Contents Background Introduction

Download 445 b.
Hajmi445 b.


Background Introduction

  • Background Introduction

Background Introduction

  • There is a gap in understanding how differently positioned women live, work and socialise in the North East and the effect of economic restructuring and cultural regeneration upon those who are included and excluded in ‘new’ times and places.

  • The aim of this research is to elucidate women’s varied positioning within regional transition/stagnation and the significance of gender and class within this.


  • Objectives


  •   To examine the ways that de-industrialisation has impacted on women’s lives in the North East: What happens to women when ‘traditional’, industrial jobs disappear and how do they fit in when they come back in a different, service based, form?

  • To analyse the ways that gendered and classed inequalities and identifications are eroded or recreated in the economic and social reconstruction of the North East.


  • Methodology


  • Design

  • A qualitative research design including 55 face-to-face interviews and 8 focus groups, 16-85 yrs old (97 female participants in total)

  • Recruitment

  • Women were recruited from a range of class positions, using locality as a preliminary indicator and starting point (Nayak, 2003; Taylor, 2007).

  • 66 women identified as working class (wc), 22 middle class (mc), 6 reluctant to state class position (n) and 3 believed we lived in a classless society (cl).

Methodology - class

  • Class meanings

  • “I think, if you’d asked me that question 20 years ago it would have been quite easy to answer because it was very much related to things like your employment, where you lived, your income, all sorts of things.” (Andrea, 54, wc)

  • “I think working class is associated with industry and things like that, so…father’s occupation. I often think about that, because me boyfriend’s sister is married to a doctor, and she’s got a very middle class lifestyle, middle class I suppose, really, really nice house and the things she does…And I often think well, what class is she? Is she sort of still working class, or is she middle class now” (Angie, 25, wc)

  • “I think there’s an underclass and a middle class and I think the majority of working class and a majority of working people do consider themselves almost as middle class because they’re homeowners, I think that’s key. I think the underclass, there is a massive underclass who don’t have access to jobs, who don’t have access to services, to networks…” (Carla, 52, mc)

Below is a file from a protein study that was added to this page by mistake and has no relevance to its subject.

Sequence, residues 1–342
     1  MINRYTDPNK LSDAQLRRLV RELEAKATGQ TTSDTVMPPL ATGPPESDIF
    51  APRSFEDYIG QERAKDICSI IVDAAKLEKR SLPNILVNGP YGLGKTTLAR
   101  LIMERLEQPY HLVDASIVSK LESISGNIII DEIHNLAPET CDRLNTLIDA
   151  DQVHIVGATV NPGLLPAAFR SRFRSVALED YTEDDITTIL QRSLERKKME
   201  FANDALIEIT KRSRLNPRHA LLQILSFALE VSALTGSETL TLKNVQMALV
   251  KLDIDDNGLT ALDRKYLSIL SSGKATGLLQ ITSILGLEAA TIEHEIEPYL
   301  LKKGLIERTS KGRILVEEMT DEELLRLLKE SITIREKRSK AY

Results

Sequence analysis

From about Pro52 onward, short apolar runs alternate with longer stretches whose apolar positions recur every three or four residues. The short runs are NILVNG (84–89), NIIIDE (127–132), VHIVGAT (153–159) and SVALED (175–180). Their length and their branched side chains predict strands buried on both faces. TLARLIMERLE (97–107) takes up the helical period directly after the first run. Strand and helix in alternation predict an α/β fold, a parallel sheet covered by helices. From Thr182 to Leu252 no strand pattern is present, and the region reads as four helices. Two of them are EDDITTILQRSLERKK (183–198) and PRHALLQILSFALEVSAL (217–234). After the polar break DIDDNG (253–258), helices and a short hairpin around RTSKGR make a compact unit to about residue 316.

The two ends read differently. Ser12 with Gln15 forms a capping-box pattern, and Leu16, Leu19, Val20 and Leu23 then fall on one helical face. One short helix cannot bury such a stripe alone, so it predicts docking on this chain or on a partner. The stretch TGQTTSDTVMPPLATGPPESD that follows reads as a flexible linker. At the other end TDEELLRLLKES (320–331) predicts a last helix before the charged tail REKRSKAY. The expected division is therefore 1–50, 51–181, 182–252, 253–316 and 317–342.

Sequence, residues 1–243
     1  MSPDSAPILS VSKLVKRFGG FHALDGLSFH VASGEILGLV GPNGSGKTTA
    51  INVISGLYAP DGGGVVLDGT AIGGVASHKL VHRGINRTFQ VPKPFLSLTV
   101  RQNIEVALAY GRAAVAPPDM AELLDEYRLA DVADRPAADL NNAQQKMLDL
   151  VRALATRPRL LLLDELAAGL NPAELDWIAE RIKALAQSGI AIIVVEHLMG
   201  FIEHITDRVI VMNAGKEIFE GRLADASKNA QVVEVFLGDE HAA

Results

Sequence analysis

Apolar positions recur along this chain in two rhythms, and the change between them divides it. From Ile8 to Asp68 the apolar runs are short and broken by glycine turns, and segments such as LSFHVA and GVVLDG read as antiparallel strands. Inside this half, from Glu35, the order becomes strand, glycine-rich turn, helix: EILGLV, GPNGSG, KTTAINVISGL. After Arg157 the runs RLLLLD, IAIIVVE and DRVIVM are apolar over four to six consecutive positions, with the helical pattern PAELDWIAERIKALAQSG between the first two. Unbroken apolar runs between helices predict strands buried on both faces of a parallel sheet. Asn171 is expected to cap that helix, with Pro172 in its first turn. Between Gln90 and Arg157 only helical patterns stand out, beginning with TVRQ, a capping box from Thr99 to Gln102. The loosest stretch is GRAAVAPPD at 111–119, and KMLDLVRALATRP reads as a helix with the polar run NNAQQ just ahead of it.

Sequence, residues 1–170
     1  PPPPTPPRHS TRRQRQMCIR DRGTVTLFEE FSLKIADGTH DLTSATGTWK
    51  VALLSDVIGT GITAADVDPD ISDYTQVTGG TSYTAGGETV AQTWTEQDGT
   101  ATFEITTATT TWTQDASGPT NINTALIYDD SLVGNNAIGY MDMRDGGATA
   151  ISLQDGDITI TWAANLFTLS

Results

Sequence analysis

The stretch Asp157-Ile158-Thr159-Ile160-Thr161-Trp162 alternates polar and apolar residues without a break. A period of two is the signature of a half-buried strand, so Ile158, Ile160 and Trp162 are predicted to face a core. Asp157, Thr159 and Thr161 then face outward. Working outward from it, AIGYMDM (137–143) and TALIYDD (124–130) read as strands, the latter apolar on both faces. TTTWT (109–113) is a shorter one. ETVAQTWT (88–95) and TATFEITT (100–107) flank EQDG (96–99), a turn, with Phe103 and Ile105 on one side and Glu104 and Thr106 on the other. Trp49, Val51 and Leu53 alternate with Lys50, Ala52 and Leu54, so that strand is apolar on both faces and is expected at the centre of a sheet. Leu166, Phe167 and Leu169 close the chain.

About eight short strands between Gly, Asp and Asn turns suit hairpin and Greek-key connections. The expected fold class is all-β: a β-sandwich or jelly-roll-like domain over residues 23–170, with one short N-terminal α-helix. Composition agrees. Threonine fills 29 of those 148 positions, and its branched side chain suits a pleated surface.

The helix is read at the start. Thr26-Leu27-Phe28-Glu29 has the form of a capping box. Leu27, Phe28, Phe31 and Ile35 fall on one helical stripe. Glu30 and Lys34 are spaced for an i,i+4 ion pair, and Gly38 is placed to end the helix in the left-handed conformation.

Preliminary Findings

  • Preliminary Findings

  • Locations: Relocations, Transformations, Im/mobilies

  • Material Transitions: Employment and Education

  • Cultural Activities,

Preliminary Findings Locations: Relocations, Transformations, (Im)mobilities

  • Locations and residents- North East

  • “I like the geography of the area as well, I like the fact that you’re very close to the countryside even though you’re in this very industrial or post-industrial now town, it’s not that far and you’re in Northumberland, it’s not that far or you’re down at the seaside, so we’ve got so many things on our doorstep as well, it’s a marvellous place really, Newcastle.” (Andrea, 54, wc)

  • “I think Newcastle has got very few areas that are really attractive as you say. I think other parts of the country and other cities that I’ve been to, you find areas that are mixed, so you might have 5 or 6 areas and in one of the areas there’s fabulous housing and more reasonable housing, but Newcastle is very segmented, I think, in the housing market because, say, if you’re a doctor and you’ve come to work in Newcastle, the only two areas that you would consider are Garden or Jasmine Vale, so professional people moving in will only consider two areas and that makes the housing in those areas quite expensive. I think Newcastle is quite expensive to buy in if you want to be in certain areas.” (Carla, 52, mc)